PGUP/PGDN and HOME/END keys available on most keyboards. If the lines are too long
to be displayed in the box, the LEFT/RIGHT keys can be used to scroll the text
region horizontally. For more convenience, forward and backward searching functions
are also provided.
--menu text height width menu-height [ tag item ] ...
As its name suggests, a menu box is a dialog box that can be used to present a list
of choices in the form of a menu for the user to choose. Each menu entry consists
of a tag string and an item string. The tag gives the entry a name to distinguish
it from the other entries in the menu. The item is a short description of the
option that the entry represents. The user can move between the menu entries by
pressing the UP/DOWN keys, the first letter of the tag as a hot-key, or the number
keys 1-9. There are menu-height entries displayed in the menu at one time, but the
menu will be scrolled if there are more entries than that. When dialog exits, the
tag of the chosen menu entry will be printed on stderr.
--checklist text height width list-height [ tag item status ] ...
A checklist box is similar to a menu box in that there are multiple entries pre-
sented in the form of a menu. Instead of choosing one entry among the entries, each
entry can be turned on or off by the user. The initial on/off state of each entry
is specified by status. On exit, a list of the tag strings of those entries that
are turned on will be printed on stderr.
--radiolist text height width list-height [ tag item status ] ...
A radiolist box is similar to a menu box. The only difference is that you can
indicate which entry is currently selected, by setting its status to on.
--gauge text height width percent
A gauge box displays a meter along the bottom of the box. The meter indicates the
percentage. New percentages are read from standard input, one integer per line.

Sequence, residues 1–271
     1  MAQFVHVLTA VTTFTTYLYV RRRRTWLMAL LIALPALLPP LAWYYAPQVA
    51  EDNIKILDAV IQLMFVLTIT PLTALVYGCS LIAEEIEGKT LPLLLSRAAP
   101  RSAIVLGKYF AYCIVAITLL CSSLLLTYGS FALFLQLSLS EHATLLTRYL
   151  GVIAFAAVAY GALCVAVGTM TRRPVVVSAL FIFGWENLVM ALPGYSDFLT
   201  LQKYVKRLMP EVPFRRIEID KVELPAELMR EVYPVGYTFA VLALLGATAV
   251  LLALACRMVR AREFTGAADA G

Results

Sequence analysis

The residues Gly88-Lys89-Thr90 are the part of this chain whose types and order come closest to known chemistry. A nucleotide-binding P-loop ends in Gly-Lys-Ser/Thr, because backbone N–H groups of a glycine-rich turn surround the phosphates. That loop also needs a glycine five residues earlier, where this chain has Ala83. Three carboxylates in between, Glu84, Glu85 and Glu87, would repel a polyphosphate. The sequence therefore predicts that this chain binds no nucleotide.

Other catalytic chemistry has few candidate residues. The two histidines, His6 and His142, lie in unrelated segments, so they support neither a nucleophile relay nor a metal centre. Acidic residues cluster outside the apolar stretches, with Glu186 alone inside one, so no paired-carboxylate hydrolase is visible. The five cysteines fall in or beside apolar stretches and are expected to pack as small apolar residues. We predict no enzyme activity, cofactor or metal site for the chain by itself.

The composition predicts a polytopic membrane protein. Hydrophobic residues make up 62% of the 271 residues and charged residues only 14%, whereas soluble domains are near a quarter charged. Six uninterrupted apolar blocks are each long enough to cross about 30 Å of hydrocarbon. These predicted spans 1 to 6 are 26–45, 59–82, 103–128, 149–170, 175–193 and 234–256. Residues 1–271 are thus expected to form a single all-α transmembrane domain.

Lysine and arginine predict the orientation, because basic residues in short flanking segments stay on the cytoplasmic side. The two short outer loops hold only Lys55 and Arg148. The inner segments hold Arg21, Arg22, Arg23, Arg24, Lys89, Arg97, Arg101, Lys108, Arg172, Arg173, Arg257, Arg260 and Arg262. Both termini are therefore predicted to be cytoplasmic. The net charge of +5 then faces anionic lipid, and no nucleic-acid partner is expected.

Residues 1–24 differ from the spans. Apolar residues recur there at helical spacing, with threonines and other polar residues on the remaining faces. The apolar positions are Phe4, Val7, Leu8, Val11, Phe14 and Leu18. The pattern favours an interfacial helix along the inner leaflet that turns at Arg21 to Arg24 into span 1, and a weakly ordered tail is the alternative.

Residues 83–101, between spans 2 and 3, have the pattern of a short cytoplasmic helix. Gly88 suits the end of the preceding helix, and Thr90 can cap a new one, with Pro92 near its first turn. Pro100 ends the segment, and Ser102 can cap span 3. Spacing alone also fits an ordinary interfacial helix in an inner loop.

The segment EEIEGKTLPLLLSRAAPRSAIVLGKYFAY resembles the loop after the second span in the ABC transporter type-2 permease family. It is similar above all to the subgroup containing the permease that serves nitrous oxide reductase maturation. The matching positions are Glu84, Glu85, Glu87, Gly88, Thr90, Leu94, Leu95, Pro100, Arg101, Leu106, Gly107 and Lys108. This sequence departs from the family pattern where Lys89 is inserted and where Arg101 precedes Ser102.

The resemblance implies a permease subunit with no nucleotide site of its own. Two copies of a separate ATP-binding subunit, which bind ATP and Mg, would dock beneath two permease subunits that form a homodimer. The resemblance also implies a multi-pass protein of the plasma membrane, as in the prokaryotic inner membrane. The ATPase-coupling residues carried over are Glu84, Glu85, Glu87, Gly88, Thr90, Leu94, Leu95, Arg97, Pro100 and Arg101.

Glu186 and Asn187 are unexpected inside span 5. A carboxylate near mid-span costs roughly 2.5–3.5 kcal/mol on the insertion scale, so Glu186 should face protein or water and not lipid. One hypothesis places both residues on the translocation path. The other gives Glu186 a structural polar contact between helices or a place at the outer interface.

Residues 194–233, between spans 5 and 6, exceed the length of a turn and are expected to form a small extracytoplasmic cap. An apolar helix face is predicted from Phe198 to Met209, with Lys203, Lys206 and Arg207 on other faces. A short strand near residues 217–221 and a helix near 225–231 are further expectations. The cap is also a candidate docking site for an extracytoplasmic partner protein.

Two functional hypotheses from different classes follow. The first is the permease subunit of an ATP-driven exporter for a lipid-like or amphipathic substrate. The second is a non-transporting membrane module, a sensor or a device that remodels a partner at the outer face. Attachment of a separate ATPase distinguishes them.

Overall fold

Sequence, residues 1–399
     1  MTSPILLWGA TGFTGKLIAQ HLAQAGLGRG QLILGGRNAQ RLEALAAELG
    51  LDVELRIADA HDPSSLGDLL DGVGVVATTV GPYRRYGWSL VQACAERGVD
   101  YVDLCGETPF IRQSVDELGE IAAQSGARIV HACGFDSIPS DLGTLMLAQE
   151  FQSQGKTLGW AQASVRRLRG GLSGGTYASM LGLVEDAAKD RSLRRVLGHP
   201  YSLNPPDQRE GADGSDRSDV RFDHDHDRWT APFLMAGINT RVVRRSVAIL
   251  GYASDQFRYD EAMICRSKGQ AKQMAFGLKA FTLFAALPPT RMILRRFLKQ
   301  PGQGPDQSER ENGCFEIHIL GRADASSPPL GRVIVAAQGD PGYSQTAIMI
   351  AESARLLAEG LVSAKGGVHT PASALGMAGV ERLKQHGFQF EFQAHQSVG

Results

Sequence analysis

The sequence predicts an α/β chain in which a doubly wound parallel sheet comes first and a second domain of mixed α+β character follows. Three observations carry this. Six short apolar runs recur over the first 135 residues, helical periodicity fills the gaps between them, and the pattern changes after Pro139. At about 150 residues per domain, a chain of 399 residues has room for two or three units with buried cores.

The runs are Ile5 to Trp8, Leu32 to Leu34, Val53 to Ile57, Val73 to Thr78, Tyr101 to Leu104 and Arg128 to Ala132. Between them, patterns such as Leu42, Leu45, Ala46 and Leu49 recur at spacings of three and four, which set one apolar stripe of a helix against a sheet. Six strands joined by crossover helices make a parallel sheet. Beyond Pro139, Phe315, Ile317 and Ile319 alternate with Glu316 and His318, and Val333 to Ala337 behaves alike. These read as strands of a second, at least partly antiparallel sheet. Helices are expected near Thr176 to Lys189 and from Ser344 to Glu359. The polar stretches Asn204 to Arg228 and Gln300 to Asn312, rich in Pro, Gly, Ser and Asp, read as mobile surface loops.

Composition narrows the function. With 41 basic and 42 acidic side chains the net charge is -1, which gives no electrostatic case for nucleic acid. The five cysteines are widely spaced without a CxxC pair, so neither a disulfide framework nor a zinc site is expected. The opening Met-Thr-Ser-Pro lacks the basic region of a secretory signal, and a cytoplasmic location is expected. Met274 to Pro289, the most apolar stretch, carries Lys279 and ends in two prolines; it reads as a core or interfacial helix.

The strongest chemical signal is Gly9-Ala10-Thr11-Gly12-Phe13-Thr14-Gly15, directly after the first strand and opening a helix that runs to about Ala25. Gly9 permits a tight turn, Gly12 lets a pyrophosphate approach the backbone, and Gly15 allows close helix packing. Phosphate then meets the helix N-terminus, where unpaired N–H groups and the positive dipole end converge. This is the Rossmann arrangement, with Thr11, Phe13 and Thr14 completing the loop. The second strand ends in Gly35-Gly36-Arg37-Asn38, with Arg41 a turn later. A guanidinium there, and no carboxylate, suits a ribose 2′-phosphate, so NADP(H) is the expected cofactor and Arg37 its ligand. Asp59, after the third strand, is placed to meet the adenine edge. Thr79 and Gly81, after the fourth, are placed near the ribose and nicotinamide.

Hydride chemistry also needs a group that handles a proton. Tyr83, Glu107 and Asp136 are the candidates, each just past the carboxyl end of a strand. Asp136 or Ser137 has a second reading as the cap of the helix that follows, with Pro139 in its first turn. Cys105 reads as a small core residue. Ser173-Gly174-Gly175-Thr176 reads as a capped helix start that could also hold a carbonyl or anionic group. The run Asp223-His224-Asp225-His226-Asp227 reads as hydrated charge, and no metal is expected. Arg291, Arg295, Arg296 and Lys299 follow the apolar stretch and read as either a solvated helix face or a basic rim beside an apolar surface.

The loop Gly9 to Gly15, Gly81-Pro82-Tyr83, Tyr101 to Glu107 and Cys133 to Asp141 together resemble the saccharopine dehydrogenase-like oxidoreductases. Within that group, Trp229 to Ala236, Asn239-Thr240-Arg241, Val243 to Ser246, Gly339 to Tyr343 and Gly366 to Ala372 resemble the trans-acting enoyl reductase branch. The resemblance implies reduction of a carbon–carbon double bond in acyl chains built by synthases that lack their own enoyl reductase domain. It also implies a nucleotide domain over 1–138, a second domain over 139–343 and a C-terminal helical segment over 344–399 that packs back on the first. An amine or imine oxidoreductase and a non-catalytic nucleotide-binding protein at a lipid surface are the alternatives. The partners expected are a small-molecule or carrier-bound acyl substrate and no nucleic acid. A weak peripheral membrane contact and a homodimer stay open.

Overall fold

The meter is updated to reflect each new percentage. If stdin is XXX, then subse-
quent lines up to another XXX are used for a new prompt. The gauge exits when EOF
is reached on stdin.
1. Create a sample configuration file by typing:
"dialog --create-rc <file>"
2. At start, dialog determines the settings to use as follows:
a) if environment variable DIALOGRC is set, it's value determines the name of the
b) if the file in (a) can't be found, use the file $HOME/.dialogrc as the configura-
c) if the file in (b) can't be found, use compiled in defaults.
3. Edit the sample configuration file and copy it to some place that dialog can find, as
stated in step 2 above.
DIALOGRC Define this variable if you want to specify the name of the configuration
file to use.
$HOME/.dialogrc default configuration file
Exit status is 0 if dialog is exited by pressing the Yes or OK button, and 1 if the No or
Cancel button is pressed. Otherwise, if errors occur inside dialog or dialog is exited by
pressing the ESC key, the exit status is -1.
Text files containing tab characters may cause problems with text box. Tab characters in
text files must first be expanded to spaces before being displayed by text box.
Screen update is too slow.
Savio Lam (email@example.com) - version 0.3
Stuart Herbert (S.Herbert@sheffield.ac.uk) - patch for version 0.4
dialog(1), whiptail (1)
gnome-utils 1.4.0 Apr 21 2001 gdialog(1)